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New survey suggests automakers aren’t building the EVs people really want

What kind of EVs do people really want to buy?

Three Tesla Superchargers beside a low-roofed building.
James Qube/Pixabay / Pixabay

Despite the Bitcoin-esq wave of obsession that so many people have jumped on board with when it comes to EVs, it suddenly feels like sooner or later, you’re going to hear some version of this around the watercooler, “A funny thing happened on the way to the Tesla dealership… We turned around.”

In a new 2024 Edmuds EV Sentiment Study, it seems that the supply of electric vehicles is not quite on par with the demand, but not in the way you might have learned in economics class. There is a litany of EVs to choose from, but the problem is that many potential customers don’t want them. Here’s why:

EV shoppers want a cheaper car

As with just about any car, people want to pay as little as possible for it. Even with high-profile brands like Porsche and BMW, those companies have found ways to create less-expensive variants of their gas-powered cars to broaden their customer base and increase profit margins.

The issue with EVs is that while many people think they are cool and a great way to embrace the future, the barrier to entry remains their cost. 47% of consumers surveyed said they wanted an EV for less than $40,000, while 22% said they would consider one for less than $30,000.

The harsh reality is that currently, no new EV is available for purchase for less than $30k, and only four check in under $40k: the Mini Hardtop 2-Door, Nissan Leaf, Fiat 500e, and Hyundai Kona Electric. Beyond that, with such sparse pickings to choose from, none of these cars offers much in the way of a family-oriented space, furthering the issue of impracticality.

EV customers don’t want electric pickup trucks

In what seemed like a questionable game plan from the get-go, automakers would’ve done well to employ a survey like this before spending billions of dollars on R&D and ad campaigns touting how their new EV truck is king of the world. As it turns out, consumers don’t really want electric trucks. Whoops. 43% surveyed said they wanted a car, while 42% said they’d consider an SUV. Just ten percent expressed interest in an electric truck.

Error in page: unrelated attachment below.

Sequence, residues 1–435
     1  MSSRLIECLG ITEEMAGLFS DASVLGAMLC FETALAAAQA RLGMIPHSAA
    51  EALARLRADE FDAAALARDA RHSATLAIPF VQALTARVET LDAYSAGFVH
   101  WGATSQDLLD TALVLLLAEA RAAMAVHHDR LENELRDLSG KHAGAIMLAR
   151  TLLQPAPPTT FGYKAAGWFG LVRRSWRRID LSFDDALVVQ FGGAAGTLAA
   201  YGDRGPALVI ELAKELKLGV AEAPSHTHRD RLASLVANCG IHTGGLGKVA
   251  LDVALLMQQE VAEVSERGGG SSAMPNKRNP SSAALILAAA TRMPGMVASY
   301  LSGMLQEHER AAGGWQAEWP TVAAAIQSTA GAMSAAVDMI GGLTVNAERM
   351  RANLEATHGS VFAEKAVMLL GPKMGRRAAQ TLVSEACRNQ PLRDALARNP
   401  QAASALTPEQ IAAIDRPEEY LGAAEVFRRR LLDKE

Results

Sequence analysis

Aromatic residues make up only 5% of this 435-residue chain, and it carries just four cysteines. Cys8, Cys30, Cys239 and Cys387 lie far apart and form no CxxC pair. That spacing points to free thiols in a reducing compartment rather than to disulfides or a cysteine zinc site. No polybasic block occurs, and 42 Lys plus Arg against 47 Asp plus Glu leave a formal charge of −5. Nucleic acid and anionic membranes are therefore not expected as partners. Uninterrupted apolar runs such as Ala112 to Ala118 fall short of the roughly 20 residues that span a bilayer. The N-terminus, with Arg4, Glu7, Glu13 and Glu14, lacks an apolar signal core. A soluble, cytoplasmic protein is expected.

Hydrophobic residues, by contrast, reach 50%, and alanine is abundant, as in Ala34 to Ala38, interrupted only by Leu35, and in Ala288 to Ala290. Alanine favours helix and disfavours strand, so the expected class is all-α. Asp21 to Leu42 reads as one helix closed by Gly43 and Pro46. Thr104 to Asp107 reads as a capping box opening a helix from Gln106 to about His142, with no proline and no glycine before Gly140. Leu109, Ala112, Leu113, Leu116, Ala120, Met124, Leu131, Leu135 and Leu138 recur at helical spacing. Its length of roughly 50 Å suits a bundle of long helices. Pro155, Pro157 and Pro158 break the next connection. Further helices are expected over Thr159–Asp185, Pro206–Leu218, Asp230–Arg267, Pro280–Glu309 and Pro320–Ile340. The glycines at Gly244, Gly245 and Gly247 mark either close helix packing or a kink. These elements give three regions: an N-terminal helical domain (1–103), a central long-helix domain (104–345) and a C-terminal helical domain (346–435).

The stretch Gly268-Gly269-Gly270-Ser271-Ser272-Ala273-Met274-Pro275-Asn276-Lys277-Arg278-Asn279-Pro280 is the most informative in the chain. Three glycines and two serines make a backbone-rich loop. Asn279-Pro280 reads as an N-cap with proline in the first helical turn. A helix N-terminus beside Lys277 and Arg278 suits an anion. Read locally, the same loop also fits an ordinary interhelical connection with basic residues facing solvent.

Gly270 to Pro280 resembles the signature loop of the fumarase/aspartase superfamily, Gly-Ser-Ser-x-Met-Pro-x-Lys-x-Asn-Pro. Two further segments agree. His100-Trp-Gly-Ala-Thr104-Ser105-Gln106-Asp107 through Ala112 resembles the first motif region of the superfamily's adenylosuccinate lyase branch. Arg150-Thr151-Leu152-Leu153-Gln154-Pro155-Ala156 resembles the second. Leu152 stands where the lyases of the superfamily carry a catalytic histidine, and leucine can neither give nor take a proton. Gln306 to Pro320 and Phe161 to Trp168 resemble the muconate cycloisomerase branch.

Generally speaking, many who purchase a pickup truck either for business or personal use tend to err on the conservative side, which translates into later adaptation to new things, like fully electric vehicles. Yes, it’s nice that you can power your whole house or campsite with the new Rivian R1T, but most truck owners are more concerned with running out of juice in the middle of a blizzard with a new hot water heater in tow to make sure their family can have a hot shower in the morning. So for that, the tried and true fossil-fueled F150s, Rams, and Silverados of the world still rule the roost, at least for now.

The most trusted brands don’t make (enough) EVs

As you might expect, Tesla has the highest consumer confidence in EV production. But companies like Honda and Toyota, which rank third and fourth, have just one EV on the market today between the two of them. The takeaway here is that Tesla aside, there are precious few options available from (consumer-perceived) trustworthy brands.

This isn’t a production faux-pas either, as Toyota recently made a controversial statement that they believed hybrids were the wave of the future, not full EVs. Call it a self-fulfilling prophecy, perhaps, but their showroom lineup has echoed this sentiment, with a few tremendously selling hybrids and just one EV lagging behind.

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Lou Ruggieri
A lifelong lover of cars, Lou contributes to Motor Trend, Hot Cars, Auto & Truck Connection, and the PowerAutoMedia Group.
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